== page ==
Xia’s speech about only patriots governing Hong Kong outlined detailed conditions for being a patriot who governs the city, including not only the city’s chief executive but also major officials of the Executive Council, LegCo lawmakers, returning officers and all-levels of judges. He urged Hong Kong officials to understand “one country, two systems” correctly and comprehensively by not challenging the bottom-line of the country, Regina Ip Lau Suk-yee, a member of the Executive Council, told the Global Times on Tuesday.
“It’s about correctly understanding the relationship between the central government and Hong Kong, and there’s no single word mentioning that a patriot has to love the CPC,” she said.
While critics cited by some Western media said that the reforms demand nearly “total obedience,” crush the city’s so-called “democracy” and further marginalize the pan-democratic group, some local scholars in Hong Kong said that such interpretations deliberately misread the real meaning of Xia’s messages.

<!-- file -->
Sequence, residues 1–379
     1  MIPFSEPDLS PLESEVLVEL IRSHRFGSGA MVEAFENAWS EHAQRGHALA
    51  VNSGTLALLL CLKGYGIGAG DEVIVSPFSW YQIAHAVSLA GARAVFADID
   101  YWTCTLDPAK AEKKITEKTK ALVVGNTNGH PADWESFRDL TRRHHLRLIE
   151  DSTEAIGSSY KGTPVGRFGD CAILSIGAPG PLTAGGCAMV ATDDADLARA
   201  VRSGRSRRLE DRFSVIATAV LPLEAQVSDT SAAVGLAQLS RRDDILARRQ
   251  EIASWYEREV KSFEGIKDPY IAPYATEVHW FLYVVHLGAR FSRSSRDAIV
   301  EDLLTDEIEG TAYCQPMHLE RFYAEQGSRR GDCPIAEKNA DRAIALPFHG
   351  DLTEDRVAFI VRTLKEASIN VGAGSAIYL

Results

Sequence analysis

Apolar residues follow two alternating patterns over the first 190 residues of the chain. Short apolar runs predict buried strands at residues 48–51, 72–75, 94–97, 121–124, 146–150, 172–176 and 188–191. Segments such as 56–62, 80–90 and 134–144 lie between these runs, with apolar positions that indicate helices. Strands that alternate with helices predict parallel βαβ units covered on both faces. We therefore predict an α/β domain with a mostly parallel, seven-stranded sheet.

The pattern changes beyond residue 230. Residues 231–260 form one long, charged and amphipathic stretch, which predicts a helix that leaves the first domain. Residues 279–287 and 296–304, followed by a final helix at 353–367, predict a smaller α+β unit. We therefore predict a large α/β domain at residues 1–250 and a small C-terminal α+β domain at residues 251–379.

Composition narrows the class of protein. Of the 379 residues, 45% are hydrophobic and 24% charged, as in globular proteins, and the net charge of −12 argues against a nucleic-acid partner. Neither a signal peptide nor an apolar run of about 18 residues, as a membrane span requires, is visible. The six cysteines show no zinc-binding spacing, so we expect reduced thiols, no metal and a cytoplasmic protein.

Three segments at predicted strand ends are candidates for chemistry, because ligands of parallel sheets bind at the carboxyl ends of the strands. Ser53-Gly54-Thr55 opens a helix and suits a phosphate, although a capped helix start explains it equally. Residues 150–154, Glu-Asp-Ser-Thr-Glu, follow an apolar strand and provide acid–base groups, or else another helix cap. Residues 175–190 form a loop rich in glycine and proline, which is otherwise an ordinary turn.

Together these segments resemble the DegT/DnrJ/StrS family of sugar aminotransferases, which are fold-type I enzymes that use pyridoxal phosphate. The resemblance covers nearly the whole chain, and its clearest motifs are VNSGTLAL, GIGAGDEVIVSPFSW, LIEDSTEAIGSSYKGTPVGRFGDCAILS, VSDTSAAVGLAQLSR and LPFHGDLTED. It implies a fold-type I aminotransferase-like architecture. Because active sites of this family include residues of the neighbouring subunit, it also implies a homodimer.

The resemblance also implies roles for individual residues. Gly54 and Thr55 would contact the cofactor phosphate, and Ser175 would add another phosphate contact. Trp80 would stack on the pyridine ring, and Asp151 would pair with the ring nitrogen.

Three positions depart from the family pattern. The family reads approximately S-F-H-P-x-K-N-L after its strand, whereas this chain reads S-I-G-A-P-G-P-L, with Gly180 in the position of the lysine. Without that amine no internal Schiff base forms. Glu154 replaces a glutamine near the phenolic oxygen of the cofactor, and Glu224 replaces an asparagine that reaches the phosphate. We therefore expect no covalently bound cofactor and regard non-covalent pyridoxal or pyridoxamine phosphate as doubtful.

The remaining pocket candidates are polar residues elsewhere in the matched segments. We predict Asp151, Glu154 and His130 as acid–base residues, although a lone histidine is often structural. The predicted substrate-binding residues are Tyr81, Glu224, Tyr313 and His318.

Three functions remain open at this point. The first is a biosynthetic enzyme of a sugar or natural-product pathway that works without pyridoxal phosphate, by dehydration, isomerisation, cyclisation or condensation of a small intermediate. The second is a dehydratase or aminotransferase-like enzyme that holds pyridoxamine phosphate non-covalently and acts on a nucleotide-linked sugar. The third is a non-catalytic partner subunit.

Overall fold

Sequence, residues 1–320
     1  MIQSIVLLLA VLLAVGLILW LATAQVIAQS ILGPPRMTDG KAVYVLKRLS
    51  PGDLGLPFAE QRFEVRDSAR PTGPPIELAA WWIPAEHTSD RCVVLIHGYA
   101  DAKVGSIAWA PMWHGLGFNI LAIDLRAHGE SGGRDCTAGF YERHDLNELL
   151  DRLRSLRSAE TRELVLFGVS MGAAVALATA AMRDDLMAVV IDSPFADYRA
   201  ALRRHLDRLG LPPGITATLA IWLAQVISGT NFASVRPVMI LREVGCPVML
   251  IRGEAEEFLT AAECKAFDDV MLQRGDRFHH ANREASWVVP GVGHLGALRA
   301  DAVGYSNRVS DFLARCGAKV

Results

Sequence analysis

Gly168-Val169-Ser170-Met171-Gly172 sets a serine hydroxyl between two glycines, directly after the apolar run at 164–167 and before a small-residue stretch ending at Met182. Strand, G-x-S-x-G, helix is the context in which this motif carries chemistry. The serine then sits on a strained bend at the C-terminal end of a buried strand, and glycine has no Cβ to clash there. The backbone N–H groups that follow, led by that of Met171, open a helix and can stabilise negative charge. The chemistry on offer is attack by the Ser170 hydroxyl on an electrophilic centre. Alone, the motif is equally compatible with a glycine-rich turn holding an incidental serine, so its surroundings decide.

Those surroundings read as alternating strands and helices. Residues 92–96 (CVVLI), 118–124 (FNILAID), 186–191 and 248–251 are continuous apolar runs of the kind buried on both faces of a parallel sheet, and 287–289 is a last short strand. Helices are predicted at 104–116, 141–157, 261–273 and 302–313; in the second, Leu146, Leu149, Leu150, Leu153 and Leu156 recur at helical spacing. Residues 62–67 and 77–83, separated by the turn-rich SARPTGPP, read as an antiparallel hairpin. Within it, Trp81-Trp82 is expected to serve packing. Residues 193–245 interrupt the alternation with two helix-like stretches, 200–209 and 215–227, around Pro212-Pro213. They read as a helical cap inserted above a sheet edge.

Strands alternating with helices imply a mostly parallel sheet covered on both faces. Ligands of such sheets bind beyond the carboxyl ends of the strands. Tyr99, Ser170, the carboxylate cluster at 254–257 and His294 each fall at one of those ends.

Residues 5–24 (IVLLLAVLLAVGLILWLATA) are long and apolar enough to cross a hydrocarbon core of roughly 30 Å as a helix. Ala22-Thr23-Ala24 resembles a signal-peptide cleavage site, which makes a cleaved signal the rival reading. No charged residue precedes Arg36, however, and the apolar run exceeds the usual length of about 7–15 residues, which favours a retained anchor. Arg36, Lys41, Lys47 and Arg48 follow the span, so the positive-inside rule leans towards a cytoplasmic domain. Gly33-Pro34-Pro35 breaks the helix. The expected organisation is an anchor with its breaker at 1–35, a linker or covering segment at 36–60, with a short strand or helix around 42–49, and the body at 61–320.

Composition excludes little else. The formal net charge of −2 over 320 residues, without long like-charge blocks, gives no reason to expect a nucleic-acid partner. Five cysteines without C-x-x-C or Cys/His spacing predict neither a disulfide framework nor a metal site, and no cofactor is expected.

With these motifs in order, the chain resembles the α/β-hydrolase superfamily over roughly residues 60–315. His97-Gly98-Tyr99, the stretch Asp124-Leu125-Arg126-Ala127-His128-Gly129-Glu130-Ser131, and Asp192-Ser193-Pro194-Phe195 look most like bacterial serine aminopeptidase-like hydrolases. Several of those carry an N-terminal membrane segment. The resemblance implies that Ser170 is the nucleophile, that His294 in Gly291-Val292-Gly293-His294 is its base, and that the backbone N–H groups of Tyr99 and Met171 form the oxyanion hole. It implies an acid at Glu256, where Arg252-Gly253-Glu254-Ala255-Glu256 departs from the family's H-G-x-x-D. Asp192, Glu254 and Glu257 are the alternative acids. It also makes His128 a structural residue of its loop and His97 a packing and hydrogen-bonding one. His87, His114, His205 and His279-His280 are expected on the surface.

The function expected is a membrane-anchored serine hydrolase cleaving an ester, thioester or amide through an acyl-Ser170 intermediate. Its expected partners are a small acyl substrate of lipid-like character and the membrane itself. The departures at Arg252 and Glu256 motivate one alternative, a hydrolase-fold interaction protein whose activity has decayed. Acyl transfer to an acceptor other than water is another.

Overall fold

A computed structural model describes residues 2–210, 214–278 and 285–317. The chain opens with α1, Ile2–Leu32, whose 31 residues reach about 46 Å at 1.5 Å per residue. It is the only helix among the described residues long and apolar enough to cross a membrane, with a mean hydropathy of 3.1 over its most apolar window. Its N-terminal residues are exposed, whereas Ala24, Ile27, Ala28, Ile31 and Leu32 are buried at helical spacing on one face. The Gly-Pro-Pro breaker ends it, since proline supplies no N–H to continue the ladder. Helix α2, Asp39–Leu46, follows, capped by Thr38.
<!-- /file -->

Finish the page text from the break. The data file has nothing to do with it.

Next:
There was no requirement to love the Party in Xia’s speech. He emphasized respect for the constitutional order of Hong Kong since its return to the motherland, given that the socialist system is the fundamental political system of China and the leadership of the CPC is the most essential characteristic of socialism with Chinese characteristics, and this cannot be damaged by any individual or organization, Lau Siu-kai, vice-president of the Chinese Association of Hong Kong and Macao Studies, told the Global Times in a recent interview.
“We can interpret his remarks from a perspective of ‘a Negative List’, which means you don’t have to genuinely love the Party or believe in communism or socialism, but you can’t take actions that try to change a China led by the CPC,” Lau said.